[00:03:30] You're not exactly still internally within your head.  But rather you have successfully put your mind. In a sort of mental space.

[00:03:38]Where your thoughts can expand all throughout you. Sort of like a form of expanded awareness, But the awareness of the environment of your thoughts. Where can it go to? In what direction? Everything is accepted, nothing is inhibited. Therefore allow your thoughts to start pursuing these questions. Seek these answers. Because no matter how strange or how crazy they can be.

[00:04:03]These thoughts are what make you, you and you have given yourself the space to do so, but first you must distract your current present self hence distraction. It does lead to positive resultsm hence positive distraction. So this episode is a little bit of myself, deep diving and further expanding on this definition, a positive distraction, because I've been trying to articulate it.

[00:04:29] There are moments when I'm on a long drive. And my mind just expands because my body is just too busy driving on the road. Other than the usual honking at, you know, crazy drivers. But other than that, My mind is just far away and they're, it's in imagination land thinking of the strangest things, but it is positive. It is engaging. And sometimes I can apply these thoughts that I've had while driving.

[00:04:55]Into my work into my career, into my writing, which is great. And it makes me want to drive more, but that's not exactly the most. Shall we say productive environment. Mentally. Yes. But in terms of. Ability to do things, maybe not. So I'm not at a laptop to actually write things down. At most, I actually have recordings or I have my phone on record rather.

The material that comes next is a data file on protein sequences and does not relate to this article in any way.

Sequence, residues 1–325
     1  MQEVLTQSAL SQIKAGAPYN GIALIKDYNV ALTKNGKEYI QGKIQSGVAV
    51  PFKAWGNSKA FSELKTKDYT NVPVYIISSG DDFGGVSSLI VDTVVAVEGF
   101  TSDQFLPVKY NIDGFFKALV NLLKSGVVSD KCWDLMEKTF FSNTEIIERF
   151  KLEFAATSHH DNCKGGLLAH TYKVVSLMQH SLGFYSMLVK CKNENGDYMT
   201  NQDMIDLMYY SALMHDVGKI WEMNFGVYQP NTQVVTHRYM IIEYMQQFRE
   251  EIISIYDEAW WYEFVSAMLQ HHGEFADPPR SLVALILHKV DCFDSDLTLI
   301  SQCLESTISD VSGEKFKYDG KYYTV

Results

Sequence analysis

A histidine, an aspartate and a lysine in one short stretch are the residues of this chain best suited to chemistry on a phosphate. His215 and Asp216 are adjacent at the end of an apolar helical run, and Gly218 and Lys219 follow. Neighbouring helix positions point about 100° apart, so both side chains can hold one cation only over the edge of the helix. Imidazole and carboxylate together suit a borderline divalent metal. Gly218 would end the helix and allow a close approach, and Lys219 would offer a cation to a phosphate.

[00:05:17]And just speak into it as I'm stuck in a traffic jam or are driving to someplace.

[00:05:21]Can I emulate that? At home at my desk, in front of my laptop? Maybe. It's a bit hard to do. So it is a bit hard because there's too many contexts and there's too many environments that fit well into this one desk that I have such as my work, such as the sources of my anxiety, all of the things that I have to worry about, you know,

[00:05:42] Emails, creating podcasts, et cetera, too many things serve well on this one desk. I'm not always here just to think. So I need to find ways to suspend my brain. So that I can allow my thoughts to expand so. Other environments include when I'm dancing, when I'm doing Capoeira. Or when I'm in the gym.

[00:06:04]But yeah, here's to positive distractions and finding a place for them in our routine. Maybe I could time block, positive distractions. I don't have to start driving to someplace every single day, but maybe I can emulate certain aspects of driving, uh, in other parts. Of my routines within the house.

[00:06:26]And just from saying this out loud, I've just realized there is some connection to Alexander technique, to a certain extent there, but I think we'll save that for another episode.

Tags

Norm

Norman Chella is the Podcast Rainmaker, Polymath in Progress and a very strange writer. His creative pen name is N.T. Cloever. You can find his words right here.